Once your house is staged, you are now ready for opening night, which I thought was the Sunday Open House. But, like Broadway, there are previews. These are called caravans.
I guess the real estate people use the word “caravan” because it is when bands of hungry real estate brokers, like nomads in the desert, wander around your house.
First, there are real estate agency caravans where the house is open to the other agents who work with your broker. This Tuesday event is the “you scratch my back, I’ll scratch yours” visit. “I’ll attend the houses you’re listing and you look at the houses I’m listing. Maybe we can make a deal before the house goes on the market and we can both make out like bandits.” So there’s good attendance.
Brokers with potential buyers actually do want to see the house first in case it matches the needs of their buyers. Brokers without potential buyers want to be able to tell any home seekers they meet about the new house on the market.
The second caravan is when the house is open to all brokers. This is usually on Thursdays. The secret is that brokers who want lunch go first to the open houses serving food. Then, if time permits, they’ll visit the other broker open houses. Our broker served food. Quite tasty lasagna. She left two pieces for us so we could eat it for dinner. That’s how we knew we had a broker who could keep her clients happy.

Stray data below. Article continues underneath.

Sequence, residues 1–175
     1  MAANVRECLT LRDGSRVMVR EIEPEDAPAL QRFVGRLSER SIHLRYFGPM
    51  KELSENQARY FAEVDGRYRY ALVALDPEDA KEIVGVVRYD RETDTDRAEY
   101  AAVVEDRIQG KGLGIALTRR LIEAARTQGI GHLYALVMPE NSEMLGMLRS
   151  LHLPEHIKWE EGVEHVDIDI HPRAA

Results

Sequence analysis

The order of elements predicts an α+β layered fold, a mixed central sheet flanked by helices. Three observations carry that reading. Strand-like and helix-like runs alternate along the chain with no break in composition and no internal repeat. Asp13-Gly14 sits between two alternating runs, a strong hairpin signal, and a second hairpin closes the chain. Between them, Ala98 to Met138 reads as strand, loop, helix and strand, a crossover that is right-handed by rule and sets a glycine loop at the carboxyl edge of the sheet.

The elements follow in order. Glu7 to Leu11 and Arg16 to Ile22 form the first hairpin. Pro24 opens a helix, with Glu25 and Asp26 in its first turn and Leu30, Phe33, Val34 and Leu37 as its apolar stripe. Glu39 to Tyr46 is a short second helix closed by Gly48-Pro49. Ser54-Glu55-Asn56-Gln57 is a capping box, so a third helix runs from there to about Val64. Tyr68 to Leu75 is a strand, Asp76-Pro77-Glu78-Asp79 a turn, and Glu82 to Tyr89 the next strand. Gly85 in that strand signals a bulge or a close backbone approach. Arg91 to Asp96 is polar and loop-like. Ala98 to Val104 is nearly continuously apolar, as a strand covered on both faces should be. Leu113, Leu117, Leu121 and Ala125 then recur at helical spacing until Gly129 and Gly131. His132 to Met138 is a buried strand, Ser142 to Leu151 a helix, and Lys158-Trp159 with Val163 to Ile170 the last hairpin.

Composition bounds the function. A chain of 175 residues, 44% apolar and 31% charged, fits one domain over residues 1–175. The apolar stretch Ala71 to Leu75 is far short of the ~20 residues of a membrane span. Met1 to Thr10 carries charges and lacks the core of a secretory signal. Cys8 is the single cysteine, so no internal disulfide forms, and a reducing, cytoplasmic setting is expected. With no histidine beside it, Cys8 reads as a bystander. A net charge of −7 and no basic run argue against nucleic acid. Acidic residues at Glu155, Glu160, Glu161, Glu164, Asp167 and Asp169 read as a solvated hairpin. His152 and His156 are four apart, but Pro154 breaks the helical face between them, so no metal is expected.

The brokers having picked over the bones of our house, we were now ready for Sunday which is the day for the unwashed masses, or everyone else, to walk through your home.
Final spruce up is required. Clean up spilled lasagna. Re-vacuum and re-dust. Wipe fingerprints off the sliding glass door. Re-clean the toilet bowl, and make the kitchen spotless.
It was supposed to start at 2 pm on Sunday – giving people enough time to go to church, eat lunch, and start trolling the streets for Open House signs. We waited nervously for our broker. 1:30, 1:40, 1:45…was she going to show up? Two cars pulled up in front of the house at 1:50. Early birds, ready to get a drop on the new house on the block. We kept the front door firmly locked. We didn’t want to have to show our own house.
Finally, at 1:55, the broker arrived. She was busy putting Open House signs all over the neighborhood. She said hello, laid out her flyers, cards, a tray of cookies, and bid us farewell. The fresh baked cookies sent a sweet aroma and an image of domestic bliss throughout the house.
As we pulled out of the driveway, people were already at the front door.
We passed by the signs for our open house. Like castle turrets, they surrounded the house in all directions. We went to late lunch, we went to the park, and awaited the verdict on our home.